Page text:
HIP GUIDE
 
FOOD FOR EVERY TASTES

Street Food: Look out for the pretty wheel pushcarts that grace Istanbul’s streets. Each one sells a specialty Street food, perfect for snacking.

Simit: A chewy salty bagel-like ring topped with sesame seeds. Most asked and liked street food ever.

Balık Ekmek: Crispy mackerel sandwiches, topped with onions, lettuce and a squeeze of lemon, then shoehorned into a quarter loaf of crusty White bread. Sold by the boat vendors that flanks the Galata Bridge.

Kokoreç: For the daring foodie only , these spiced lamb’s intestines are as stinky as they are addictive. Follow your nose to the night-time smoky grills that set up shop behind the Spice bazaar and around Taksim Square.

Sahlep: A steamy, sweet milky drink made from ground orchid roots topped with cinnamon. It’s a winter warmer.

Boza: A vitamin-rich, fermented millet beverage that we think tastes a little like apple cider, boza is a love-or-hate-it kind of drink. Take time to hunt down Vefa Bozacısı-İts beautiful tile interior is worth a visit alone- and try it for yourself.

Kebabs: Döner(Lamb slow-roasted on a spit) and şiş ( fired up on a skewer) kebabs are synonymous with Turkish cuisine. Hole-in-the-wall kebab shops all around Istanbul.

Hamdi: Plump for their famous fıstıklı Kebab, a mix of veal and lamb studded with pistachios. Rezerve in advance for table on the top floor terrace.

Kebabcı İskender: Creator of Bursa’s famous İskender Kebab- grilled lamb smothered in tomato sauce, topped with foaming browned butter and served with a big dollop of ultra-rich yogurt. Bring a hefty appetite.

Meyhaneler :Translated literally as ‘taverns’, Istanbul’s Meyhaneler are raucous, heavy on the rakı (Turkish aniseed alcohol) and bags of fun. Expect loud live folk bands roaming the restaurants from 10pm onwards.

Beşiktaş Balık Restaurant: Terraced tables spill out into the Beşiktaş fish market, rendering their seafood super fresh.  Try the lakerda(Marinated kingfish) and kalamar tava (deep-fried calamari rings, served with walnut dip)

Yakup 2: One-time hangout of artists, aristos and 1960s film stars. The Rolling meze cart groans with platters of stuffed vine leaves and patlıcan ezmesi ( smoked eggplant puree); follow up with ahtapot ızgara (grilled octopus) or the catch of the day.

Balıkçı Sabahattin: Unusual appetizers-avocado laced with dill and baby shrimp, cinnamon-infused mussels- plus super fresh fish, served in an atmospheric 1920s villa.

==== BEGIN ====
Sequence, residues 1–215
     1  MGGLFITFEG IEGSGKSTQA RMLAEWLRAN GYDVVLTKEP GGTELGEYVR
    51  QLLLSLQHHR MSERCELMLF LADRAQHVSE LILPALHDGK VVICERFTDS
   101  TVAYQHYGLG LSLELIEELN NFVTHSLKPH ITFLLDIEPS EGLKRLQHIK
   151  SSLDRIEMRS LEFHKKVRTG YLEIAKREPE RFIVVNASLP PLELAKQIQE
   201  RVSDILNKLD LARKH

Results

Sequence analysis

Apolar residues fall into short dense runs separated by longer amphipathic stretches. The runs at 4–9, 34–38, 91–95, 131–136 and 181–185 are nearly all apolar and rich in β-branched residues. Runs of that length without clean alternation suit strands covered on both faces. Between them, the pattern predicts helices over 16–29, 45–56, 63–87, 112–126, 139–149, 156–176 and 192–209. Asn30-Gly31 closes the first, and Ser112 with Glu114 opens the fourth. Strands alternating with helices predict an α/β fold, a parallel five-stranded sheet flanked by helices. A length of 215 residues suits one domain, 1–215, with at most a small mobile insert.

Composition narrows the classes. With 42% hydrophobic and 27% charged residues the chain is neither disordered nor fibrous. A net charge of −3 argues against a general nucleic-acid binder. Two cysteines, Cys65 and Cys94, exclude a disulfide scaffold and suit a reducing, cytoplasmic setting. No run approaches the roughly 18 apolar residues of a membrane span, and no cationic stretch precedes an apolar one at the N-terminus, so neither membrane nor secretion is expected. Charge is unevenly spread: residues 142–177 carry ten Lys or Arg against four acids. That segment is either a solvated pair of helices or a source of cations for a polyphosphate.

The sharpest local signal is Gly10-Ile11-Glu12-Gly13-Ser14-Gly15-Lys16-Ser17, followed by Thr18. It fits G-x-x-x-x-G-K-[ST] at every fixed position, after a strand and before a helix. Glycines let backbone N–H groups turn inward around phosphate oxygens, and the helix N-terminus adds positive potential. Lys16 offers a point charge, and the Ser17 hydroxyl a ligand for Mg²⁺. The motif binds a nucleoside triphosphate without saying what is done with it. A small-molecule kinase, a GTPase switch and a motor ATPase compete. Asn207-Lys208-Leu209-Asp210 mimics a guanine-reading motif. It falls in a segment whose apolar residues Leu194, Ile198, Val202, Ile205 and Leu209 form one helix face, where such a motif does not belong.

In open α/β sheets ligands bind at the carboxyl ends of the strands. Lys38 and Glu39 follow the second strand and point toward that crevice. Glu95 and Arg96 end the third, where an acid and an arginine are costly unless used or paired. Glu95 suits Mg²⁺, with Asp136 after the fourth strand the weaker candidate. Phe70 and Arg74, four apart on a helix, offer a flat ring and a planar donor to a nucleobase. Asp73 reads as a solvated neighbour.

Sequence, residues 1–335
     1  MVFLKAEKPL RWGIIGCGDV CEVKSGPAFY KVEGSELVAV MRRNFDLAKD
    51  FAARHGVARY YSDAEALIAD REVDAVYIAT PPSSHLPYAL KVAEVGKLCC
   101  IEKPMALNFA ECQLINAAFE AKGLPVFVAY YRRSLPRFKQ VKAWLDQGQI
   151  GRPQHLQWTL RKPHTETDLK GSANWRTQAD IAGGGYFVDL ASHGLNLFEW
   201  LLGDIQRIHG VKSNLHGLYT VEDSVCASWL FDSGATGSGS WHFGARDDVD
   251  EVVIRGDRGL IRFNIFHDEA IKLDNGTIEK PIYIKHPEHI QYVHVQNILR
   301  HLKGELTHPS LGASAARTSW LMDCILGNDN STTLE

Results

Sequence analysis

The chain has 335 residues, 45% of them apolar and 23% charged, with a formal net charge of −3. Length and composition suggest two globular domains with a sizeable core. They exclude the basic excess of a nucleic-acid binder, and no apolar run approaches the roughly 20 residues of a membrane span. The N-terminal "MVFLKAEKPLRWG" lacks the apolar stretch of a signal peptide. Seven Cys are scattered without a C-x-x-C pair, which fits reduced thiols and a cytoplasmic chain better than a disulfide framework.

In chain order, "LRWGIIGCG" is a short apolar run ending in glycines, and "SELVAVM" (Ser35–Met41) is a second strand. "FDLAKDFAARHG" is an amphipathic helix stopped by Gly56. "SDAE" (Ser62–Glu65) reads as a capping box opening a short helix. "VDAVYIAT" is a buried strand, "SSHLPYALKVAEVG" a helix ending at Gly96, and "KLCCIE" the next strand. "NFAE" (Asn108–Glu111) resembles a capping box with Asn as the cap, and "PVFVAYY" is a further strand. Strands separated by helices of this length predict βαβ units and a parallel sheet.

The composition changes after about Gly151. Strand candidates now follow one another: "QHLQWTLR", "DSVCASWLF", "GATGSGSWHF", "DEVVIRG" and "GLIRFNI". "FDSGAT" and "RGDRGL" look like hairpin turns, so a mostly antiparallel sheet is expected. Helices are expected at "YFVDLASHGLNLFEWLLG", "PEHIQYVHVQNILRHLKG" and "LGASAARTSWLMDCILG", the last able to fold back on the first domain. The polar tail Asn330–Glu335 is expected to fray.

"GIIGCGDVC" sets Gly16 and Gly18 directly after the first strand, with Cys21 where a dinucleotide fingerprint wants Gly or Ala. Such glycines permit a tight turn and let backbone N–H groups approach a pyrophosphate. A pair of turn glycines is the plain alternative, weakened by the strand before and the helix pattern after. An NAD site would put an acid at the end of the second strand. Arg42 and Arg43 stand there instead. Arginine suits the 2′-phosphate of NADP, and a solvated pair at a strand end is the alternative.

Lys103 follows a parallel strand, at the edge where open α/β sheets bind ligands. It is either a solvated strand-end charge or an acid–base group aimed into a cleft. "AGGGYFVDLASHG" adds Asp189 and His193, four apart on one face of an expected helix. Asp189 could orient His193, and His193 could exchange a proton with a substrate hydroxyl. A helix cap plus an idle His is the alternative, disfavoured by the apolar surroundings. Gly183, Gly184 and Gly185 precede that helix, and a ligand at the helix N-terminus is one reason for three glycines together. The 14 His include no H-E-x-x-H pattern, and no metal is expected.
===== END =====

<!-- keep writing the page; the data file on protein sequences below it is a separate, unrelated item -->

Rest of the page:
İskele Livar Balık Evi: Beautiful Bosphorus views, home-smoked bonito and two miniscule balcony tables worth staking out early.

Ottoman CuisineWant to dine like a sultan? A handful of historical high-end restaurants recreate the exquisite royal cuisine that once graced th Topkapı Palace tables.

Asitane: Big names and the dishes they devoured including fodula (rye bread stuffed with beef, carrots and shallots) as enjoyed by Mehmet the Conqueror and entourage and Çankırı goose kebab with almond pilaf, served under Suleiman The Magnificent. Gorgeous garden.

Tuğra: Lux it up Bosphorus-side: Tuğra is set within the Çırağan Palace, an Ottoman-era playpen. Chef-historian Uğur Alparslan’s magical dishes herald directly from hand-written kitchen records, including lamb kulbasti.(grilled and served with smoked walnuts and eggplants.

Sweets : Turks have the sweetest teeth known to humankind. 

Baklavacı Güllüoğlu: Baklava worth crossing continents for- coddled in bucket loads of Gaziantep pistachios.

Kanaat Lokantası: Amazing aşure(Noah’s pudding) made from wheat beans, dried fruits and nuts, topped with pomegranate seeds. 

Konyalı: Ottoman restaurant turned sweet-and-snack counter Fabulous walnut baklava and creamy pudding.

Özkonak: The place to try sweet tavuk göğsü, ayummy pudding made with thinly shredded chicken and milk.

İnci: Rich, gooey profiteroles, plus an indulgent array of handmade chocolates.

Hacı Bekir: Confectioner to the sultans and inventor of Turkish Delight. Visiting during winter.  Ask for kaymaklı lokum, Turkish Delight with a dollop of Kaymak(clotted cream) at the centre.

Mini-Dondurma: A literal hole-in-the-wall, serving our favourite slightly chewy Turkish ice cream. Seventeen sweet flavors daily; open March to November.